Wednesday, August 15, 2012


Today, my post is short. I’m in the middle of edits for my forthcoming MG/Tween novel A PIRATE, A BLOCKADE RUNNER, AND A CAT. I used to hate history. Who cared who discovered what and where and when? So all through school, I cruised, learning what was necessary, forgetting most of it afterwards. Then, as an adult, I started researching my family. And history suddenly came alive. These were not just names who lived in different time periods. They were real live people who breathed, loved, and worked hard, like we do today. When I could place my ancestors in different time periods, that part of history came alive for me. They sailed across the sea to establish new homes and families. They fought for their rights and to make America the grand country it is today. History soon became my passion.

My YA historical novel CAVES, CANNONS, AND CRINOLINES is set during the Civil War, one of my favorite time periods. Another of my forthcoming stories for Tweens, SCATTERED TO THE WINDS, is set in the 1920s and deals with the Orphan Trains.

My mother and aunt - Orphan Train Riders
The story due out in January 2013, about the pirates and blockade runners, is set during the present, but the ghosts lived in the past. Yes, the pirates, the blockade runner, and the cat are all ghosts. It was a fun story to write. The editing is not so much fun. But necessary.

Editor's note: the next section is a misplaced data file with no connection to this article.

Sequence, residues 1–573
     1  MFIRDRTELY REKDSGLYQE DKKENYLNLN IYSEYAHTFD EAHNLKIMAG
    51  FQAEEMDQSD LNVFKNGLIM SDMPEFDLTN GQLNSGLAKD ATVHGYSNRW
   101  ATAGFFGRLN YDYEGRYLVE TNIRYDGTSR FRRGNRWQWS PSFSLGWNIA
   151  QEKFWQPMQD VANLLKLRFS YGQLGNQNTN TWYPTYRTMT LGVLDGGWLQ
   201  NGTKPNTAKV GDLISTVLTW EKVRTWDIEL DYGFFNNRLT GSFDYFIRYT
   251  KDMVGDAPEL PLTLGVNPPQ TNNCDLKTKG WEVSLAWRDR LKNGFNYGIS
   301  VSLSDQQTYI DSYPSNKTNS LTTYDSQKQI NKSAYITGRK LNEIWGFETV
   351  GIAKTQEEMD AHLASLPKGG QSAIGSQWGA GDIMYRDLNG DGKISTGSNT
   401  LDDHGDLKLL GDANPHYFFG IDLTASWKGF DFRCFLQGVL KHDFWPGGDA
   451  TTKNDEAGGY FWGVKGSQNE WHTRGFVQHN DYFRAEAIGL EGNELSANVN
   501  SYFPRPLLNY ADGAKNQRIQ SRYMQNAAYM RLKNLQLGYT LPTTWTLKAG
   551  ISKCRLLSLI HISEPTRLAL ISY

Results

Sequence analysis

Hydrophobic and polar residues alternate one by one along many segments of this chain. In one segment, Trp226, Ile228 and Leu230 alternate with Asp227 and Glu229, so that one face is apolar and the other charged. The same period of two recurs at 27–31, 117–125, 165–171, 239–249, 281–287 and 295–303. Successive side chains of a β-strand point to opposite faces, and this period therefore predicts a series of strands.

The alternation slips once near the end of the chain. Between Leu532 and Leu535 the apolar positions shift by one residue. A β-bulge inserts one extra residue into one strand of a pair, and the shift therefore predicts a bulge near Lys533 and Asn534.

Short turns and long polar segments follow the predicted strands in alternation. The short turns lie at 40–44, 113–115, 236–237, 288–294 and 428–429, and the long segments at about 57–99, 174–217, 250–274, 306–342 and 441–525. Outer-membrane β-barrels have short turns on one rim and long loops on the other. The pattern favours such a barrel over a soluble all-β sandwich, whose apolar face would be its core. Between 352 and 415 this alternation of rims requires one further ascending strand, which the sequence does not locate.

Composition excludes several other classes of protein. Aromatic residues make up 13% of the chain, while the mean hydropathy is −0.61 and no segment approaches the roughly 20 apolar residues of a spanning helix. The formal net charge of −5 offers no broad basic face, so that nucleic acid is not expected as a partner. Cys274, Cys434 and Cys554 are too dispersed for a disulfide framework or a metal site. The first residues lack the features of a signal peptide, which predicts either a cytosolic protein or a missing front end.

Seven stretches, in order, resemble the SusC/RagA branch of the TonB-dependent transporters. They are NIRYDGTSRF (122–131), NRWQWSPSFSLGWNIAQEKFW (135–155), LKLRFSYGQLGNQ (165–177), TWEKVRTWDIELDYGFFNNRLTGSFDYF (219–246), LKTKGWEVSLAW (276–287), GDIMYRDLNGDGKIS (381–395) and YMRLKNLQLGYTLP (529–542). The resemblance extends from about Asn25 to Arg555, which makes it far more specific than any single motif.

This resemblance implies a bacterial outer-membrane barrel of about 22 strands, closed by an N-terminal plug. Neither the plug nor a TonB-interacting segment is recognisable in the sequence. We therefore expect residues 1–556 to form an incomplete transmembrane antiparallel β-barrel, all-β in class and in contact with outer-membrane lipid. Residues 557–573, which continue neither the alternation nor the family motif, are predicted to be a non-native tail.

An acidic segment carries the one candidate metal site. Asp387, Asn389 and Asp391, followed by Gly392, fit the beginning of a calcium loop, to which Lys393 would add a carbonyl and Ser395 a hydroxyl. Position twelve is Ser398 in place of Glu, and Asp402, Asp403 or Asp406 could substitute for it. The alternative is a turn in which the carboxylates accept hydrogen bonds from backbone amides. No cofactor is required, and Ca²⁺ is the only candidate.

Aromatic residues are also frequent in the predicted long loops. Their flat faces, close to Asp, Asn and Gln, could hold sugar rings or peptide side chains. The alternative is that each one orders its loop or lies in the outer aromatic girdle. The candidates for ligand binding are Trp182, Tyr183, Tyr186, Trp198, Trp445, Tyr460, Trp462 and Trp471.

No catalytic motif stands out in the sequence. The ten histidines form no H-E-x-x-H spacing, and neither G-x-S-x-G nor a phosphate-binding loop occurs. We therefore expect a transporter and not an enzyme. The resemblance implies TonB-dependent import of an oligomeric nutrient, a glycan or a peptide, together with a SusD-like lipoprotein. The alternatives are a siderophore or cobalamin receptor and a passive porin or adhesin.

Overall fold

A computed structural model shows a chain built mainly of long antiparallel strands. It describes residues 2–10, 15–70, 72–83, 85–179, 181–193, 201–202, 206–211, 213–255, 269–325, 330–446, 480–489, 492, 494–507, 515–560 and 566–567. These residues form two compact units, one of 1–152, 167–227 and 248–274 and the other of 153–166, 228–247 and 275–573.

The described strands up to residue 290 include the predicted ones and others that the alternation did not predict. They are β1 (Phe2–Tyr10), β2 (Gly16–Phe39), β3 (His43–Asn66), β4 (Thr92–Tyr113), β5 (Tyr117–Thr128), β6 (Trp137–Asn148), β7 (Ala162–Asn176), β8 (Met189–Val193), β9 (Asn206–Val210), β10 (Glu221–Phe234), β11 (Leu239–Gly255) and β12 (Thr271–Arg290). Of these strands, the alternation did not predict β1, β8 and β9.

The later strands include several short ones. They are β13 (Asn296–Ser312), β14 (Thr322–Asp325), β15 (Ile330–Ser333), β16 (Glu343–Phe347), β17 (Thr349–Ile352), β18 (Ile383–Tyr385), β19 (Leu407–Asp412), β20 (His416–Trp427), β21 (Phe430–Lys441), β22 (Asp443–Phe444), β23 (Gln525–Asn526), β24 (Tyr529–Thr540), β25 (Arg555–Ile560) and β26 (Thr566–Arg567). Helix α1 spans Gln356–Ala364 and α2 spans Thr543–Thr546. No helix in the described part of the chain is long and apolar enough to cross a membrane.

I discovered I got carried away with ellipses and dashes. What was I thinking? Now, I’m deleting most of them. Using the tracking on my computer is driving me crazy, but I’m learning. Delete. Accept. Reject. Oh, boy. What happened to the old-fashioned way of editing?

So, from Erik, Star, and Storm, the characters in my story, along with the ghosts, James (blockade runner), Stede Bonnet and Blackbeard (pirates), and Dixie the ghost cat goodbye for now. See you soon.

Thanks to Chris and Lea at MuseItUp Publishing for giving my characters a chance to share their story with you.



  1. I share your sentiments about history exactly - always hated it as a kid. Too bad no one ever presented it as is really is: stories. And I just found out about orphan trains in the U.S while I was watching a special on ghost children. A huge number of those poor children that didn't make it are buried in mass graves in Indianapolis. Broke my heart. I'm so glad your mom and aunt had a happier ending and you're with us now!

  2. Thanks, Ophelia. I agree about the way history used to be presented. I remember one teacher in high school that his tests consisted of going around the room asking each student one question and that was your grade. Yikes. I like the stories showing the men and women of the past were real people.

    Yep, I'm happy to be here too. I have a lot of foster cousins that have taken me in as though I were their flesh and blood. They've even given me the history of the family that raised my mom and aunt.